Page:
How did you feel when you walked out of your last doctor’s visit?
Did you have a sense of confident understanding of the precise state of your health, with great clarity on your pathway forward to a healthier tomorrow?
Or did one of these thoughts creep across your mind?
-“If only I didn’t feel so rushed during our time, I could think more clearly.”
-“Oh no! I forgot to mention the most important part!”
-“Now I’m totally confused. I don’t think I understood a word he said.”
If one of these questions troubled you, or clouds of doubt and confusion floated through your mind before the hand sanitizer was even dry, don’t worry. You are not alone.
There is hope. Hope for a clear, confident, and rewarding visit with your doctor. One where both you and your doctor leave with a sense of teamwork and alignment in the direction you are taking with the care of your health.
After 20 years of practice, I’ve observed twelve strategies that set apart those who are actively engaged in the care of their health, from people who are merely bystanders on a congested highway of healthcare.
And what a difference these strategies can make, not only for an office visit, but also for a lifetime of understanding and good health related decisions.
And I would like to share those twelve strategies with you.
If you will follow these strategies as you prepare for your next appointment, they will guide you into the best mindset possible to take an active role in ensuring your best doctor visit ever.
Strategy #1: Be an Active Participant in your Healthcare
The person with the most vested interest in your health…is YOU! To have the best health possible, you want to make the best health decisions possible. To make the best decisions, you must to have the best understanding possible. To have the best understanding, you must know the facts. Prepare. Read. Monitor. Discuss.
Think of your doctor as your optimal health coach. Use them as such…and then be engaged with decisions that influence the care of your health. Know your goals. Understand your options. Remain organized in your medical history and medications. You may have a great healthcare team…just make sure you are on it.
Strategy #2: Be On Time
It seems elementary, but timeliness is a necessary courtesy not only for your doctor, but also for the remainder of the patients with appointments that day. A 5 or 10-minute late arrival can send a ripple effect throughout the day, pushing things further and further behind. Add to that unexpected crises, complicated medical issues, and a barrage of interruptions—and the stereotypical time in the waiting room stretches on.
Emergencies happen. We know that. No problem, as long as the late arrivals are the exception, not the rule. Bring a book or a well-charged smartphone, and arrive a few minutes early. Who knows? The person scheduled just before you may be late and you may get squeezed in a little early!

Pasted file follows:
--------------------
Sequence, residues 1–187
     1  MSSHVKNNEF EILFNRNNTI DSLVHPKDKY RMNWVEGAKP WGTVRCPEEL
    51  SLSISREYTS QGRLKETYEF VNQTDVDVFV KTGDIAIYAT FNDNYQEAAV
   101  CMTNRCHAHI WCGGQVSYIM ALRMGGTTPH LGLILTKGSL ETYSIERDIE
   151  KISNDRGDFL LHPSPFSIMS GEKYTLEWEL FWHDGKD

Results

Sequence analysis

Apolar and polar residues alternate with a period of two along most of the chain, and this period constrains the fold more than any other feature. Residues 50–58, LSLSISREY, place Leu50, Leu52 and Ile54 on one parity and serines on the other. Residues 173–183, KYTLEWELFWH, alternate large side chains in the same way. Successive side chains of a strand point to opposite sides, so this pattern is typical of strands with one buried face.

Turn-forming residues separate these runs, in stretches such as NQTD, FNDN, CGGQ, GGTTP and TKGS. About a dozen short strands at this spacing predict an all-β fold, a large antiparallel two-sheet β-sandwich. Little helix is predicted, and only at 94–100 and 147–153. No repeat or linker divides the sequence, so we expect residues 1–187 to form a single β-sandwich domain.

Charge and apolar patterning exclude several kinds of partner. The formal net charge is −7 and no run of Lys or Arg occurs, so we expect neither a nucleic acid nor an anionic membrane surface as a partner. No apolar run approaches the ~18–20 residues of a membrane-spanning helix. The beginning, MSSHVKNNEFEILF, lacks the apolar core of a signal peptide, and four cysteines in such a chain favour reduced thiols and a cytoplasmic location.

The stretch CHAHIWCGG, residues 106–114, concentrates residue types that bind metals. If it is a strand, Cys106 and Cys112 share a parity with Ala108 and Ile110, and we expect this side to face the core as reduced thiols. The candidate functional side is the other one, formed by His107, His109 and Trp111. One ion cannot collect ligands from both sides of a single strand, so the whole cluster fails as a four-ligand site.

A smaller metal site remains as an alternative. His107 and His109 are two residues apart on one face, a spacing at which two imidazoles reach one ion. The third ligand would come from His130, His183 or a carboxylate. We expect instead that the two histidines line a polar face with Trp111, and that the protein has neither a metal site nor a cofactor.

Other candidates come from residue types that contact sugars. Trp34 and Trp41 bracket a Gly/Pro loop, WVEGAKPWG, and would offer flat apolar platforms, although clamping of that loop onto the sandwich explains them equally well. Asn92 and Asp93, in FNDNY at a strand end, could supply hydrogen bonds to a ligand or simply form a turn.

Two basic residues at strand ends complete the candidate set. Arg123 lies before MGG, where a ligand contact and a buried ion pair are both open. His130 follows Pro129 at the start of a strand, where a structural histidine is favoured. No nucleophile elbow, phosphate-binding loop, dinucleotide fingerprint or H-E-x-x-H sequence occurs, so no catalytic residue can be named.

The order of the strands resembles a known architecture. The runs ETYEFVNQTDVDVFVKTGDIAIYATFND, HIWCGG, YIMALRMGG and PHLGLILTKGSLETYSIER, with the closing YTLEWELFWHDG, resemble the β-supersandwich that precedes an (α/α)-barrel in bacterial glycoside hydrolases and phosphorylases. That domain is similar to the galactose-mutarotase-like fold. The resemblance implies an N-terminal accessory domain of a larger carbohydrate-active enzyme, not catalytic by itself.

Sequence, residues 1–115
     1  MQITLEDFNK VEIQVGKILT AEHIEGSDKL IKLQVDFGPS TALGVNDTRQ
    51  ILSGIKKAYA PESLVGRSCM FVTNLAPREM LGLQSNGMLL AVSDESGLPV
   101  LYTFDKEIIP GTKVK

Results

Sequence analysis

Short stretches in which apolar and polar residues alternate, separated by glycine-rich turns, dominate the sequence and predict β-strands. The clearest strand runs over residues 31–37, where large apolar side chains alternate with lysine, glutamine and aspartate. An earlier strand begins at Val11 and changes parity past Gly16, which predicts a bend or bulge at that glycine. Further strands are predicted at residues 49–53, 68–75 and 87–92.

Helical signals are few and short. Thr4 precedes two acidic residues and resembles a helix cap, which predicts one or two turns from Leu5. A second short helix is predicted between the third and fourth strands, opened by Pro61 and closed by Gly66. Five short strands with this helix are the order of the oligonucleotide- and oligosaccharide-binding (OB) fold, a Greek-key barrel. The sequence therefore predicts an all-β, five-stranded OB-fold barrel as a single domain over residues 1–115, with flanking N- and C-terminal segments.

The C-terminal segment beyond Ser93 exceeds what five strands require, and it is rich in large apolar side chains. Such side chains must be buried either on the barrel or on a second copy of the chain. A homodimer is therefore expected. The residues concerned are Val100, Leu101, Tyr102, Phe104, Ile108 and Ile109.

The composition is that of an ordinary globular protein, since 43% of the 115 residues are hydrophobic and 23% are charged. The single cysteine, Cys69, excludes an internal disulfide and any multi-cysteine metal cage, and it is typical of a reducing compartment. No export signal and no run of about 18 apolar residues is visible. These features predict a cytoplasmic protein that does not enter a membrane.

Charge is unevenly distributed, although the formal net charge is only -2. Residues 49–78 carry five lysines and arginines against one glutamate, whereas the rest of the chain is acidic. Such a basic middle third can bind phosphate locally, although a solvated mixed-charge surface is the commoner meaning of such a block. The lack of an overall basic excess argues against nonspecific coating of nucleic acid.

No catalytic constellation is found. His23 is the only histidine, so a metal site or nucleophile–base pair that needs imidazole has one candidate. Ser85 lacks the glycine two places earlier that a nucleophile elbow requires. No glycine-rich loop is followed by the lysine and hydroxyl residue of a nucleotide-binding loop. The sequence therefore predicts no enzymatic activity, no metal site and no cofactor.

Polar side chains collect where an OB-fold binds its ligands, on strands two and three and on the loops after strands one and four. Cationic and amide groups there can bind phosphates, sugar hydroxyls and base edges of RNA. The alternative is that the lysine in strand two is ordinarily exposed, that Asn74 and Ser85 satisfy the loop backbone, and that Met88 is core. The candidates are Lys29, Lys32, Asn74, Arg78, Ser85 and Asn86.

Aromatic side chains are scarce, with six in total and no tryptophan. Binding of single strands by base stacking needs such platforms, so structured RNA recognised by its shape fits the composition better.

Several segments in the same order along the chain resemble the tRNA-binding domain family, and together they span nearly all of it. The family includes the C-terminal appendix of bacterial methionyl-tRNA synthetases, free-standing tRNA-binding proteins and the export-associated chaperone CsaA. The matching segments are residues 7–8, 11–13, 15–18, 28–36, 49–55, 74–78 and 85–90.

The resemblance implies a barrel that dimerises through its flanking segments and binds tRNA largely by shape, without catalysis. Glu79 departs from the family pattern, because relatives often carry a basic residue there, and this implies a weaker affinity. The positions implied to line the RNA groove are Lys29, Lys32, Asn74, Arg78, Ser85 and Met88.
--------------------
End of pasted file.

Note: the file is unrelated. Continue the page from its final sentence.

Strategy #3: Rank your Priorities
It may be challenging to schedule timely visits with your doctor, and you may have several pressing concerns to address while you are there. However, it is not reasonable to think you can cover all 7 items on your list in one visit and leave your doctor enough time to focus on and evaluate each one thoroughly.
To help you stay on track and guide your focus, make yourself a list of your primary concerns and then whittle it down to 2 or 3 top issues. Keep the list in your hand (it’s for you, not your doctor), mention them to your doctor very briefly at the outset of your visit, and then move on to Tip #4!
Strategy #4: Lead off with Your Biggest Concern
Put your biggest concern on the table—first.
I vividly recall one patient who laid out 3 different concerns at the beginning of our visit, and wanted advice and direction on each. No problem, it seemed, as I gathered the needed details of each problem, confirmed my suspicion during the examination, and then proceeded with guidance on each. In fact, I spent a few extra minutes past our allotted time to make sure he was fully informed and on board with the plan to address these relatively minor issues.
And then it happened.
While I was moving toward the door, he energetically offered, “Great! Now that we have those out of the way, the real reason I’m here, doctor, is because I am worried about the blood I’ve been having in my stool.”
I wish he had been up front with his main concern. The other issues were minor and could easily have been postponed to address the potentially life threatening issue he had saved for last.
Lead off your visit with your primary concern first. Leave the “Oh, by the way…” concerns for any remaining time at the end, or a future visit if needed. If you’re uncertain, it is always appropriate to ask if your doctor is able to address an additional minor concern, or if you will need to schedule a separate visit to do so. You may be surprised at the answer the gracious question elicits.
Strategy #5: Give the Punch Line First
When you relate your issue to the staff and your doctor, start with the punch line.
What is your main concern? Doctors are trained to focus on the chief complaint, so to make the most of your time, let the cat out of the bag at the very beginning.
Share your biggest concern, and then tell a brief story of the details. It may help to tell the story in terms of these questions:
-What is your primary concern?
-When did it start, and how often has it been occurring?
-How frequently and with what severity does it occur?
-What makes it worse?
-What gives you a bit of relief?
-What have you tried on your own that may/may not have helped?
Though your story may have important details, resist the temptation to give every chronological nuance of your story. Work backwards. Relate your symptoms, not a diagnosis. Pinpoint your concern, and then focus your story to give the details.
Strategy #6: Be Honest